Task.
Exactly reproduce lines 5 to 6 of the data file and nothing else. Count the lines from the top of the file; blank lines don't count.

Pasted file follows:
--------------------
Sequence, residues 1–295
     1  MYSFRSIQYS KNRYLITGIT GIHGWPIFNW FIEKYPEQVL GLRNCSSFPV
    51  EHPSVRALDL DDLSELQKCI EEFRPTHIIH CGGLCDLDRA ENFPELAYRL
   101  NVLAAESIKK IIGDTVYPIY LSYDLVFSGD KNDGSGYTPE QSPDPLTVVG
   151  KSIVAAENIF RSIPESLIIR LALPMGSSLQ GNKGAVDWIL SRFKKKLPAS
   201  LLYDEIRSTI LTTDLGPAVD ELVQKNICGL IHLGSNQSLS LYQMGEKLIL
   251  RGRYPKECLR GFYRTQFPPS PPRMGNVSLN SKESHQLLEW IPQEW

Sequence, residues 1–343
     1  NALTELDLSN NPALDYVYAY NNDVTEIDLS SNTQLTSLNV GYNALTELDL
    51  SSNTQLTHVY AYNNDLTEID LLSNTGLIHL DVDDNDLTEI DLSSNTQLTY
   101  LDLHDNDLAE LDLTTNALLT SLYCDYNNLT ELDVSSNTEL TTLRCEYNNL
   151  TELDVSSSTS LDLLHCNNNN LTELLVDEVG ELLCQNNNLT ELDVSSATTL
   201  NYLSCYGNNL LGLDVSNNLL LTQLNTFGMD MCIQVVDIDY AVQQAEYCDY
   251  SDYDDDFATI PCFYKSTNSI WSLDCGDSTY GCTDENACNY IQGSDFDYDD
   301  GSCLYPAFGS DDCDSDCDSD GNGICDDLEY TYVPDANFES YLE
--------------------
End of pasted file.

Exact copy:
   151  KSIVAAENIF RSIPESLIIR LALPMGSSLQ GNKGAVDWIL SRFKKKLPAS
   201  LLYDEIRSTI LTTDLGPAVD ELVQKNICGL IHLGSNQSLS LYQMGEKLIL